Rice University chemists who developed a unique form of graphene have found a way to embed metallic nanoparticles that turn the material into a useful catalyst for fuel cells and other applications.
Three-dimensional structures of boron nitride might be the right stuff to keep small electronics cool, according to scientists at Rice University.
Flexing graphene may be the most basic way to control its electrical properties, according to calculations by theoretical physicists at Rice University and in Russia.
A microsupercapacitor designed by scientists at Rice University that may find its way into personal and even wearable electronics is getting an upgrade. The laser-induced graphene device benefits greatly when boron becomes ...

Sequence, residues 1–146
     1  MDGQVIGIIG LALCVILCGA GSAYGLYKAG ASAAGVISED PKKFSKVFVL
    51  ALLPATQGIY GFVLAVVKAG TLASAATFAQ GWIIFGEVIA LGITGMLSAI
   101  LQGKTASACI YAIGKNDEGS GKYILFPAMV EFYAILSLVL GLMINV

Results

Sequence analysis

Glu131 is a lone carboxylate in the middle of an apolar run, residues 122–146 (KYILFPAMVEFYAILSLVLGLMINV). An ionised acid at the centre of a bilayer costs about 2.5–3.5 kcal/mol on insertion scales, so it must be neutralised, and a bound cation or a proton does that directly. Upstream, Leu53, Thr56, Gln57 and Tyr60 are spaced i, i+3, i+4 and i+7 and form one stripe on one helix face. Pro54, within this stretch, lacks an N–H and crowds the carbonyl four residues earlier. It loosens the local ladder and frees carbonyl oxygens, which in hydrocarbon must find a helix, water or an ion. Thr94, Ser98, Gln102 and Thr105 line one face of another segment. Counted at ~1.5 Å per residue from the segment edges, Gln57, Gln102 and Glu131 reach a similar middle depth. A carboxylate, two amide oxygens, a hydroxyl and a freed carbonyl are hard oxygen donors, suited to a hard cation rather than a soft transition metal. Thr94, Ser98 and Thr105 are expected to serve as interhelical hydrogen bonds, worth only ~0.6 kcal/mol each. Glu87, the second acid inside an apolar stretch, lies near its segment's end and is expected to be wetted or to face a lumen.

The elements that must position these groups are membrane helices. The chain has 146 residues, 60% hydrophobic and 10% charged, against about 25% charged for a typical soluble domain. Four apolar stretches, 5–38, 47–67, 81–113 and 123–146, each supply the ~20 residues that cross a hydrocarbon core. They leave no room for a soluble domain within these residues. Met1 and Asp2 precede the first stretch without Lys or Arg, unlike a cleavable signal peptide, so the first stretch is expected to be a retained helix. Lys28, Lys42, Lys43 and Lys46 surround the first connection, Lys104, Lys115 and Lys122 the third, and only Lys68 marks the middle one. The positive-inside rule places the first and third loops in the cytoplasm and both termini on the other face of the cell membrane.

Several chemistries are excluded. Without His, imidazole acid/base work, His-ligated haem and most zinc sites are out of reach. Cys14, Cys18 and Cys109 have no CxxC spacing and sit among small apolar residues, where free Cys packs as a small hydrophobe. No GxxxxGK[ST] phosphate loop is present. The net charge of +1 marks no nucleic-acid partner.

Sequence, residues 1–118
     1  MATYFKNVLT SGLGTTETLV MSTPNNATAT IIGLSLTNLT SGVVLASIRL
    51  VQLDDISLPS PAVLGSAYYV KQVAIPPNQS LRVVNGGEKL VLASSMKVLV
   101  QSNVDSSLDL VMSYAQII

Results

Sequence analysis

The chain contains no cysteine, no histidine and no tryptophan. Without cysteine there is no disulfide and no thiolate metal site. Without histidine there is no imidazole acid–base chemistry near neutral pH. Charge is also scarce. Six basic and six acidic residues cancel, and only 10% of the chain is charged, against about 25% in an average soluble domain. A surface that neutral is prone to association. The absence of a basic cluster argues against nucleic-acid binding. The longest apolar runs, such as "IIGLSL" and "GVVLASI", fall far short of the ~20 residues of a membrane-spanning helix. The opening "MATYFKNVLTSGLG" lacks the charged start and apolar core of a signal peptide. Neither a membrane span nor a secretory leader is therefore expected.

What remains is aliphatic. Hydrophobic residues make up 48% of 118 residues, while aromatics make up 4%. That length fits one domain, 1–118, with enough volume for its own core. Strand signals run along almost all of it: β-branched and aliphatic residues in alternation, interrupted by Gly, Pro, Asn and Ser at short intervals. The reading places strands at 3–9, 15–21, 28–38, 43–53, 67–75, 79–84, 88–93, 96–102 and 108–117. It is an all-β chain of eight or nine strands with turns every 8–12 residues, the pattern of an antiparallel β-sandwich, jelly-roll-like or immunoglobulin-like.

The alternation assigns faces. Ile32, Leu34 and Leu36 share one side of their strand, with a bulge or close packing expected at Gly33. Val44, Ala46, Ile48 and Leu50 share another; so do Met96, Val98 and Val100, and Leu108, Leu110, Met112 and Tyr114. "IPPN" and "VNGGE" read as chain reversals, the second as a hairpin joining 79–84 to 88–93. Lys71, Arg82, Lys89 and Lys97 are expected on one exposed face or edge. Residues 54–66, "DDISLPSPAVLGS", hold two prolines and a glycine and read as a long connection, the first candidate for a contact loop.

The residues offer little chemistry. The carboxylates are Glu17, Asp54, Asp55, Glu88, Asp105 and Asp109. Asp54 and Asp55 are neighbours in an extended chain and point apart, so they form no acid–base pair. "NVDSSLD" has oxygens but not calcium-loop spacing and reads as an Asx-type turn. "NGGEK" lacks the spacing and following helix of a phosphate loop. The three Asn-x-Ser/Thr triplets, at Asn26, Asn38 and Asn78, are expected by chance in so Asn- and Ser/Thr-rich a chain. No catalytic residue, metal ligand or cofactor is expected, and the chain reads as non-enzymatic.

What if peanut brittle, under certain conditions, behaved like taffy? Something like that happens to a two-dimensional dichalcogenide analyzed by scientists at Rice University.
Squid are the ultimate camouflage artists, blending almost flawlessly with their backgrounds so that unsuspecting prey can't detect them. Using a protein that's key to this process, scientists have designed "invisibility ...
(Phys.org)—Graphene nanoribbons formed into a three-dimensional aerogel and enhanced with boron and nitrogen are excellent catalysts for fuel cells, even in comparison to platinum, according to Rice University researchers.